This would go down in history as the world’s first LSD trip.

Writing years later, in his book LSD: My Problem Child, Hofmann recalled that during this time he “perceived an uninterrupted stream of fantastic pictures, extraordinary shapes with intense, kaleidoscopic play of colors.”

Despite the experience lasting only two hours, Hofmann was amazed at the power of his creation. And like any good scientist, he knew exactly what he had to do: self-experiment. 

Three days later, on April 19th —a day that would forever be remembered by psychonauts across the world— Albert Hofmann purposely dosed himself with LSD-25. 

Of course, Hofmann wanted to be as responsible as one could possibly be while ingesting experimental mind-altering drugs, so he decided to take a very small dose of 250 micrograms. In other words, Hofmann took only 0.00025 grams (250 millionths of a gram!) of LSD-25, which he hoped would be enough for a threshold dose —the minimum needed amount to feel slight perceptual changes. Despite this hope, he expected to feel nothing.

History of LSD

COMIC CREDIT:  Courtesy of Jon Hanna  LSD and Psilocybin Research

Unfortunately for Hofmann, LSD-25 was more potent than he could have imagined. That 250 micrograms, as we now know, was roughly 10 times the size of a threshold dose!

Unable to properly function, Hofmann had a lab assistant escort him home. As the war had caused gasoline to be rationed, no cars were available, and Hofmann had to return home by bicycle.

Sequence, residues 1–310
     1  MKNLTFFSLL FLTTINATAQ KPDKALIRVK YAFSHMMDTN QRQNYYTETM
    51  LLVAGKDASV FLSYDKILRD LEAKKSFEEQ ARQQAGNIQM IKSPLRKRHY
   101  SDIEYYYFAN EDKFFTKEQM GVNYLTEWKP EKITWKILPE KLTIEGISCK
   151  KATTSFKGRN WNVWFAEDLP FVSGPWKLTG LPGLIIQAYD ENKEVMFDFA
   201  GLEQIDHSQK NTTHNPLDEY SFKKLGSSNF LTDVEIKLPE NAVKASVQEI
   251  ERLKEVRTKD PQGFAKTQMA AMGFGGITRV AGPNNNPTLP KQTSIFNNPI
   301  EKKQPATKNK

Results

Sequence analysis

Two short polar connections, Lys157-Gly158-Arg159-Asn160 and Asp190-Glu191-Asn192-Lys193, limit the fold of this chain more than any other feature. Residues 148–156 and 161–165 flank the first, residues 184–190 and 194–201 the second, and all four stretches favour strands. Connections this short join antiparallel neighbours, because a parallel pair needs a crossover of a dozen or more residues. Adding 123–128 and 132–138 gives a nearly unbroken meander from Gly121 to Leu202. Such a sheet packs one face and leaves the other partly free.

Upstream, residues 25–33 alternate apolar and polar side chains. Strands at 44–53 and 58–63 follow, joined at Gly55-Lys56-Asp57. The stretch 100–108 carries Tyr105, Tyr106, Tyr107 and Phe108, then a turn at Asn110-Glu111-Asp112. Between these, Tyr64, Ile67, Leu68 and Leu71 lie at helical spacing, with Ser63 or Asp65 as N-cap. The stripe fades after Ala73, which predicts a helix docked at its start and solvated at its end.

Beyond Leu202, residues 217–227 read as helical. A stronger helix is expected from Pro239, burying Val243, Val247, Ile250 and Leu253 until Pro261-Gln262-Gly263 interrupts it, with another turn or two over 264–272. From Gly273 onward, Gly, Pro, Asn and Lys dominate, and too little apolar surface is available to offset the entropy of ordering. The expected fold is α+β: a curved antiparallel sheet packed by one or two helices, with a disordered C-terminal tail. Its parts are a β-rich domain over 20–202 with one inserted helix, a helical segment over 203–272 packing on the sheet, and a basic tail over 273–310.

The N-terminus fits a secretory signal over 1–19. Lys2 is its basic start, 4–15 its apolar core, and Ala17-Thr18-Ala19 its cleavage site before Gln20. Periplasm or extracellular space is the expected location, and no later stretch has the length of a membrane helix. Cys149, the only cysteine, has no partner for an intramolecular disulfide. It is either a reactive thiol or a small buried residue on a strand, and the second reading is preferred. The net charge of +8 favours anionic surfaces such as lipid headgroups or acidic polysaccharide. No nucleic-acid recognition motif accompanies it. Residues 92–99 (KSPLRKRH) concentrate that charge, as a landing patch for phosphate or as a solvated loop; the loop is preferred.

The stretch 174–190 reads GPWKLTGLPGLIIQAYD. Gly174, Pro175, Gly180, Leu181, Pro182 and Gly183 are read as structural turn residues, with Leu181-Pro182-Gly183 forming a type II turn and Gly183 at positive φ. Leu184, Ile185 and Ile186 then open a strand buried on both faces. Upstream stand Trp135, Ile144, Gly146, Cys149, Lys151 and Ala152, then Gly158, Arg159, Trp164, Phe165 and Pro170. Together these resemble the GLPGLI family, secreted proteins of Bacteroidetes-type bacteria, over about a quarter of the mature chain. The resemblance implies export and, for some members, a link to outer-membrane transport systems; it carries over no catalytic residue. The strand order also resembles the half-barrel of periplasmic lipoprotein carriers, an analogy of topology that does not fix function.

To his amazement, as he peddled through the streets of Basel, everything in his “field of vision wavered and was distorted as if seen in a curved mirror.” Forever after, April 19th would be memorialized as Bicycle Day to commemorate the discovery of LSD.

By the time he got home, Hofmann feared he was losing his mind or even dying. To make matters worse, his female neighbor had transformed into a “malevolent, insidious witch with a colored mask.” Clearly, something was wrong.

He called a doctor, but other than dilated pupils, his physician could not find anything wrong.

Eventually, perhaps accepting his fate, “the horror softened and gave way to a feeling of good fortune and gratitude.” Describing the experience, he would later write that “I was taken to another world, another place, another time. My body seemed to be without sensation, lifeless, strange.”

The next morning, Hofmann woke feeling “refreshed, with a clear head,” and with “a sensation of well-being and renewed life… Breakfast tasted delicious and gave me extraordinary pleasure… the world was if newly created.”